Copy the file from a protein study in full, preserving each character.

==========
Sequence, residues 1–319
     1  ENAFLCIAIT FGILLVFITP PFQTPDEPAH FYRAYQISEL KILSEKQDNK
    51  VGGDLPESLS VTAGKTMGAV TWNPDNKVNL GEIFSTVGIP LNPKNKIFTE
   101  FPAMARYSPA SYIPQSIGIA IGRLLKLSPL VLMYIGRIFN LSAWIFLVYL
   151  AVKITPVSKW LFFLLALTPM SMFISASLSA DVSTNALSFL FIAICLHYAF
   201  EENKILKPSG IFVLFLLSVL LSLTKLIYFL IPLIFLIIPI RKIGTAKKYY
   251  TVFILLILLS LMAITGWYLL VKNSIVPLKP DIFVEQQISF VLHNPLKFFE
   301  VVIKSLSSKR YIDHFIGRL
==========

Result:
Sequence, residues 1–319
     1  ENAFLCIAIT FGILLVFITP PFQTPDEPAH FYRAYQISEL KILSEKQDNK
    51  VGGDLPESLS VTAGKTMGAV TWNPDNKVNL GEIFSTVGIP LNPKNKIFTE
   101  FPAMARYSPA SYIPQSIGIA IGRLLKLSPL VLMYIGRIFN LSAWIFLVYL
   151  AVKITPVSKW LFFLLALTPM SMFISASLSA DVSTNALSFL FIAICLHYAF
   201  EENKILKPSG IFVLFLLSVL LSLTKLIYFL IPLIFLIIPI RKIGTAKKYY
   251  TVFILLILLS LMAITGWYLL VKNSIVPLKP DIFVEQQISF VLHNPLKFFE
   301  VVIKSLSSKR YIDHFIGRL